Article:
Ukrainian Prime Minister announces resignation

Ukrainian Prime Minister announces resignation

PanARMENIAN.Net - Ukrainian Prime Minister Mykola Azarov announced his resignation Tuesday, Jan 28, in what he said was a bid to quell the deepening political crisis created by protests in the former Soviet nation, RIA Novosti reports.

“The acute and dangerous conflict for our people, for the fate of Ukraine, demands further responsible steps,” Azarov said in a statement posted on the Cabinet website as parliament was gathering to discuss measures on how to end the current standoff between authorities and the opposition.

“In order to create additional opportunities for social and political compromise, for the peaceful settlement of conflict, I have taken a personal decision to ask the president of Ukraine to accept my resignation,” Azarov said, according to RIA Novosti.

Azarov, who was appointed prime minister in 2010 by President Viktor Yanukovych, was a key figure in the decision to back away from stronger ties with the European Union in November, a move that sparked the current wave of anti-government protests.

Activists say up to five protesters have been killed since demonstrations turned violent on January 19 in the wake of a mass rally in downtown Kiev calling for the repeal of a package of draconian anti-protest laws. Azarov, who was born in Russia and is often mocked by government opponents for his poor command of Ukrainian, has been an outspoken critic of the opposition movement.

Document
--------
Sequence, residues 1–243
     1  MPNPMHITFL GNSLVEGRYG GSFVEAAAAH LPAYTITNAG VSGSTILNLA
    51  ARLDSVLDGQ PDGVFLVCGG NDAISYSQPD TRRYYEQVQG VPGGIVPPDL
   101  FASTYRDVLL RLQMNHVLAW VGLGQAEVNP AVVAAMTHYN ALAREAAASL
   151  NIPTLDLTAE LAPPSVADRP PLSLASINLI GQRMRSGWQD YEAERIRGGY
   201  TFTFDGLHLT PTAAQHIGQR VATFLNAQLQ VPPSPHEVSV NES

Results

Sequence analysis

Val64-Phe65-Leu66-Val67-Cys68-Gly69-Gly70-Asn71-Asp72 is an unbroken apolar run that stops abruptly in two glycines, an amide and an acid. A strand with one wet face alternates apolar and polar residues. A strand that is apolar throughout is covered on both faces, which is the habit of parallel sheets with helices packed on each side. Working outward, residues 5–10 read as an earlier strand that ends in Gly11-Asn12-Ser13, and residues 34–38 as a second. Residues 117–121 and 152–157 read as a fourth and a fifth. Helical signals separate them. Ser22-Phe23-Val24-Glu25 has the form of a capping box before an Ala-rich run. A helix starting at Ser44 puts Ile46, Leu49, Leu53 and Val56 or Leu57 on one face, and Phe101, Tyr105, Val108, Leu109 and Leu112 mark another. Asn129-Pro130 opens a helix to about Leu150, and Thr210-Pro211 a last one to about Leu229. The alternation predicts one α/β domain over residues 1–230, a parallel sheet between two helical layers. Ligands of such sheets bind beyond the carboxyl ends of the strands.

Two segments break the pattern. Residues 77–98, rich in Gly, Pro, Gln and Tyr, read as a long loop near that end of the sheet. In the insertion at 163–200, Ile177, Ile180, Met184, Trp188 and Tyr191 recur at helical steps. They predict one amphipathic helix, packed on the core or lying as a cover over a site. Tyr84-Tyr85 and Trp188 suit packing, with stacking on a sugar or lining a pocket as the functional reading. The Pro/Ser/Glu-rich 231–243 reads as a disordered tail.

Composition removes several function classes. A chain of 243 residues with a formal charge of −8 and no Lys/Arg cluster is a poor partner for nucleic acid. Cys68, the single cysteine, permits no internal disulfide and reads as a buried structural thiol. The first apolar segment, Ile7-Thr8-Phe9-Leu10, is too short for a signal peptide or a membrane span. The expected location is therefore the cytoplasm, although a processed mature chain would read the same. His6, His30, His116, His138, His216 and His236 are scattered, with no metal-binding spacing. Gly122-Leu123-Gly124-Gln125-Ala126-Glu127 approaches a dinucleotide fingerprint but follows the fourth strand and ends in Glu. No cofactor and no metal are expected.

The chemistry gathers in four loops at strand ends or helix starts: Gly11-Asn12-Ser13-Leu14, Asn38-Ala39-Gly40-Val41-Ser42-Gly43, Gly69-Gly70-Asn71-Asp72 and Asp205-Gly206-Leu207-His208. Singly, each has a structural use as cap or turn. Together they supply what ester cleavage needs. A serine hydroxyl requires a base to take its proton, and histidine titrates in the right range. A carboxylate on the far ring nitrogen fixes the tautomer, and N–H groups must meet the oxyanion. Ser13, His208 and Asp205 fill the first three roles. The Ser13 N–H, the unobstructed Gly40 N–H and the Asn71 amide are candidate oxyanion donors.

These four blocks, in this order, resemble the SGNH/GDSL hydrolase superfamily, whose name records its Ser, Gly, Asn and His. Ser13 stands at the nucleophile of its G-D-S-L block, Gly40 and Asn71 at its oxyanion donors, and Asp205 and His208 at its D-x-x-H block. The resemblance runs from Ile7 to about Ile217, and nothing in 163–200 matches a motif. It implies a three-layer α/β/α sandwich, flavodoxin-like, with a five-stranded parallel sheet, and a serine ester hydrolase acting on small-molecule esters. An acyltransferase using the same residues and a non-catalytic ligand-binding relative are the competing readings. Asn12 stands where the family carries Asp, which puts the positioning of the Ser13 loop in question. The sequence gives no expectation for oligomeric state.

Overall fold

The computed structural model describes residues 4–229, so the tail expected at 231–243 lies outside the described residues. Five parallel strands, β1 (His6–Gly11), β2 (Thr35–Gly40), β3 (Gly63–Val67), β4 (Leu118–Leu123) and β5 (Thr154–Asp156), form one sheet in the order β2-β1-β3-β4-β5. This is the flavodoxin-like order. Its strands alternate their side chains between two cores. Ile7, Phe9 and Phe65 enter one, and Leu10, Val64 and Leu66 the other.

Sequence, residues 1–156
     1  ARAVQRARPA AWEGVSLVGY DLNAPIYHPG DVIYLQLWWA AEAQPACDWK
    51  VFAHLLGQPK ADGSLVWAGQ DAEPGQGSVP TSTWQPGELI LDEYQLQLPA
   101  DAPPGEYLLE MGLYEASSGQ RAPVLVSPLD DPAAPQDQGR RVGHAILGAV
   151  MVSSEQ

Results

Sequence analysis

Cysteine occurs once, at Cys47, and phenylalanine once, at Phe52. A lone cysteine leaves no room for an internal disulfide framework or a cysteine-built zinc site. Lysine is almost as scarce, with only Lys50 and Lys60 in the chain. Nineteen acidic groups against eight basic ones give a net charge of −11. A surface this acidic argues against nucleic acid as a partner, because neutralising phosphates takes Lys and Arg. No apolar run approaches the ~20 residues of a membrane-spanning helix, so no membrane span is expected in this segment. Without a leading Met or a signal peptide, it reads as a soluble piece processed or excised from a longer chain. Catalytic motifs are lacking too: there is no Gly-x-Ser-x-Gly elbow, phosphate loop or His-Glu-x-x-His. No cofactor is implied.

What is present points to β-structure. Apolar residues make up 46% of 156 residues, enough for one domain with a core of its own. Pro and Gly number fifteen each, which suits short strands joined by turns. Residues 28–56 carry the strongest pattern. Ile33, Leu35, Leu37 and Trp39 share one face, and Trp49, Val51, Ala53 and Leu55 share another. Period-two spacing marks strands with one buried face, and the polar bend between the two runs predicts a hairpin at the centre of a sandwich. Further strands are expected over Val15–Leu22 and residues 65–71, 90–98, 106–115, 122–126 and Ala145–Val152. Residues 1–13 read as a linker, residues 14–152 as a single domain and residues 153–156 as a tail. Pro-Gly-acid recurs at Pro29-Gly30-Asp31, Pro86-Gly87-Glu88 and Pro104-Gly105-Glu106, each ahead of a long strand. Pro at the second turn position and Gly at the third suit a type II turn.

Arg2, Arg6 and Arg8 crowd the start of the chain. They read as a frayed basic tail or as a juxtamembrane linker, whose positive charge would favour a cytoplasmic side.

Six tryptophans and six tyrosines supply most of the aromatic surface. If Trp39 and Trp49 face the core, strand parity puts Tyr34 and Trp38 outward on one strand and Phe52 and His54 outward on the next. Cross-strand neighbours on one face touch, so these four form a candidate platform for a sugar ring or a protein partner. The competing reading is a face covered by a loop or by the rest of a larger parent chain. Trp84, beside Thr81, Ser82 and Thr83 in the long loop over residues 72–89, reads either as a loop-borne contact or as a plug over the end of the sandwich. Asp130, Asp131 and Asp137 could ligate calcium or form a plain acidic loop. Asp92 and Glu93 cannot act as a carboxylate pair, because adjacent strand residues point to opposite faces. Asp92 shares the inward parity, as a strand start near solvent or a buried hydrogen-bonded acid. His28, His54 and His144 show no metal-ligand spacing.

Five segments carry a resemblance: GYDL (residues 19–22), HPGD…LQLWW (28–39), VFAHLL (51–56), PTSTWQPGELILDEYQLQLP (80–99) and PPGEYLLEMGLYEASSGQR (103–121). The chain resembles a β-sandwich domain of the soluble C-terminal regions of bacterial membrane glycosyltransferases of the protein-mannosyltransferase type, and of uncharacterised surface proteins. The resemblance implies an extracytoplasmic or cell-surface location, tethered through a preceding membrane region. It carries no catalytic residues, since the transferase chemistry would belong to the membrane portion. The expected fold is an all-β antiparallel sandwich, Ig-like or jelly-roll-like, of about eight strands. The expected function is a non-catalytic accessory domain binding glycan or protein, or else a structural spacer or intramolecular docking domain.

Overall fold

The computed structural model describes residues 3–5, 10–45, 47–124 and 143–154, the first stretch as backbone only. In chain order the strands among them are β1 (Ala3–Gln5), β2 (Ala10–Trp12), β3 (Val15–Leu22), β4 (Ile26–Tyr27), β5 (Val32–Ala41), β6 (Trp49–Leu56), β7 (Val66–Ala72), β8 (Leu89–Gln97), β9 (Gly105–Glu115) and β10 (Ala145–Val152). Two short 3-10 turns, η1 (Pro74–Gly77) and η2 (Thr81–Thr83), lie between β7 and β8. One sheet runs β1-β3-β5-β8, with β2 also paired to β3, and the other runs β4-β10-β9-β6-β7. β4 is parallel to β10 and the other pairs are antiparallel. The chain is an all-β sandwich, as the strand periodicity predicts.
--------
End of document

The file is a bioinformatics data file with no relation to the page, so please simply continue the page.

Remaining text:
The veteran 66-year old politician has repeatedly accused opposition figures of trying to organize a coup, and last week described radical protesters in central Kyiv as “terrorists.”

Azarov’s positions had been undermined in recent days after the presidential administration confirmed that Yanukovych had offered Arseniy Yatsenyuk, a leader of the opposition Batkivshchyna party, the post of prime minister in an attempt to placate protesters. Yatsenyuk rejected the offer.

 Top stories
Obama's administration has drawn criticism for its long-standing policy of prohibiting concessions to militant groups.
AI contends that the charges were fabricated in retaliation for the couple’s human rights work and criticism of the government.
Prosecutors in France stopped short of declaring they were certain, saying only that there was a "very strong presumption".
“Erdogan stressed in the past that they would never allow the unification of Kurdish cantons in northern Syria,” Demirtas said.
Partner news